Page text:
The special forces troops allegedly refused to retake some towns in northern Nigeria which are strongholds of the militant Islamist Boko Haram group.
Fifty-four soldiers of the Nigerian army could be executed in the upcoming months because they refused to fight the terrorist group Boko Haram.
A Nigerian martial court announced on Tuesday that the 54 special forces troops from the 7th Division were sentenced to death accused of mutiny and cowardice.
The judge stated that the soldiers refused last August to retake three northern towns, which have been captured by the militant group that fights to declare a caliphate in Nigeria.
The press was never allowed to attend any hearings.
All soldiers, according to the defendants lawyer, claim innocence. The sentence, which states all of them must be executed by a firing squad, must be approved by senior officials so it is not clear when or if the soldiers will finally be executed.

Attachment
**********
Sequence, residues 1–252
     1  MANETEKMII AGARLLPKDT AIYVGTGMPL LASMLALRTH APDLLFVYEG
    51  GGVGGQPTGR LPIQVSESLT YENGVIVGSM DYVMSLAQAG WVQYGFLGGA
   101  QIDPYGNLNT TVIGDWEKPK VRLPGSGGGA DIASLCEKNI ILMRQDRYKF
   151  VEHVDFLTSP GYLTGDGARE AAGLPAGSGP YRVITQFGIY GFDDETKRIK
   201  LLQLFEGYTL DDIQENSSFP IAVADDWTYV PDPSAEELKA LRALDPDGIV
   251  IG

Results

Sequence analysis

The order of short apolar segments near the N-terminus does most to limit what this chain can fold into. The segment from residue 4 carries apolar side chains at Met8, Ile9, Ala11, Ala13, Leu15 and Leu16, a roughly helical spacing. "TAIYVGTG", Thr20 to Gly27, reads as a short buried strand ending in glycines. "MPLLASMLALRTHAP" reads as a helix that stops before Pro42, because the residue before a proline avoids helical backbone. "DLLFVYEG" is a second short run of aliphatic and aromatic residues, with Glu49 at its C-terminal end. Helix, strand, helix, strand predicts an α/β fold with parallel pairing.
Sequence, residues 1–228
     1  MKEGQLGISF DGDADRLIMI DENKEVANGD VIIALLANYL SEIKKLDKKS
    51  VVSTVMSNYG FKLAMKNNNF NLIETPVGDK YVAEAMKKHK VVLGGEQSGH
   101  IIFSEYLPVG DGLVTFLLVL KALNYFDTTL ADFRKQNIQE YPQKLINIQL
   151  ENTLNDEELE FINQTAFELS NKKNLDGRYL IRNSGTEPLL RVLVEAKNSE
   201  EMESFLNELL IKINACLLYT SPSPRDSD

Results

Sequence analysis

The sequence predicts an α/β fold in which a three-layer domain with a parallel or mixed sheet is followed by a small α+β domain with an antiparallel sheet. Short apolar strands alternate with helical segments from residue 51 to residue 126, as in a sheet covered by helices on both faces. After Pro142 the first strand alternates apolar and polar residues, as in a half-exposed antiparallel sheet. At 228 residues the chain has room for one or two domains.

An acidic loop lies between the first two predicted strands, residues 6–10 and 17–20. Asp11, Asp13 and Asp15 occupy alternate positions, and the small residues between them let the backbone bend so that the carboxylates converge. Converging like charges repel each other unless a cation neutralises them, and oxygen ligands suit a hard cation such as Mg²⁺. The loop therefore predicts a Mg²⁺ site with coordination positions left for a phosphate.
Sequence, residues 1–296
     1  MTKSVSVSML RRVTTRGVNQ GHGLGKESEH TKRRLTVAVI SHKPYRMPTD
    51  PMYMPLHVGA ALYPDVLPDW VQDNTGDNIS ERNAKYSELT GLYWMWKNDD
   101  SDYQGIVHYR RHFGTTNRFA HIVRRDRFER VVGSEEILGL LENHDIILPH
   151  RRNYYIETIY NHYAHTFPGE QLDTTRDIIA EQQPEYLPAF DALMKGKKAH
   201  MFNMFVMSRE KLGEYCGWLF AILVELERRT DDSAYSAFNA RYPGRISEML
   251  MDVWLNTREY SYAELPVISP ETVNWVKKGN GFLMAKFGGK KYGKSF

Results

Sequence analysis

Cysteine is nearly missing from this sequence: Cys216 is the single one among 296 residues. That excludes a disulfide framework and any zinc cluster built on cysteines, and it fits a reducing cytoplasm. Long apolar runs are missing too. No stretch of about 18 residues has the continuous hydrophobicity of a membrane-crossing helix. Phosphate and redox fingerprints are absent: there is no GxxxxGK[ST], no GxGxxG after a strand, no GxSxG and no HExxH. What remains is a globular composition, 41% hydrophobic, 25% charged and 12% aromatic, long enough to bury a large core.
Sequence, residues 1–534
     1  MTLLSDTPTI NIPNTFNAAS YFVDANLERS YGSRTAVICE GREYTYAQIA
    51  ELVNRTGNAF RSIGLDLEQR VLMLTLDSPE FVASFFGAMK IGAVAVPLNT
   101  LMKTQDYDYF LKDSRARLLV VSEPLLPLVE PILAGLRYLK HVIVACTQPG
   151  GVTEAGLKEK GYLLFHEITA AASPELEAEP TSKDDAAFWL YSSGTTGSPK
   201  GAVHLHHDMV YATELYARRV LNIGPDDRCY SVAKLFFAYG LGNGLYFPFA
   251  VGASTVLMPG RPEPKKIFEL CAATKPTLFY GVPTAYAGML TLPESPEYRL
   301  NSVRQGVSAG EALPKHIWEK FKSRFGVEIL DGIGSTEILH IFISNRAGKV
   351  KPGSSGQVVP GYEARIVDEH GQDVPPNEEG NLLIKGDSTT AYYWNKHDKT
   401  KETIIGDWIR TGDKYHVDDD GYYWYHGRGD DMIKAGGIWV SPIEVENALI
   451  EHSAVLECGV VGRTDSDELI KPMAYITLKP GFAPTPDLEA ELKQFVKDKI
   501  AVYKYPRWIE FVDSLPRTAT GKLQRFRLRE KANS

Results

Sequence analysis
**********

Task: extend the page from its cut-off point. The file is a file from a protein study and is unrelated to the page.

Last September, 12 soldiers were also sentenced to death for similar charges.
Nigerian soldiers often complain that the government does not provide them with the proper equipment to fight the militant group.
Boko Haram is an insurgent group founded in 2002 that has declared an Islamic state in Nigeria, where half of the population is Christian and the other half is Muslim. The name of the group means “Western education is forbidden.”
It became more notorious early this year after the group kidnapped more than 200 girls. Since then, the group has seized several villages and kidnapped more girls, boys, and even the family of a local politician.
It is estimed that more than 2,000 people have been killed by Boko Haram in 2014.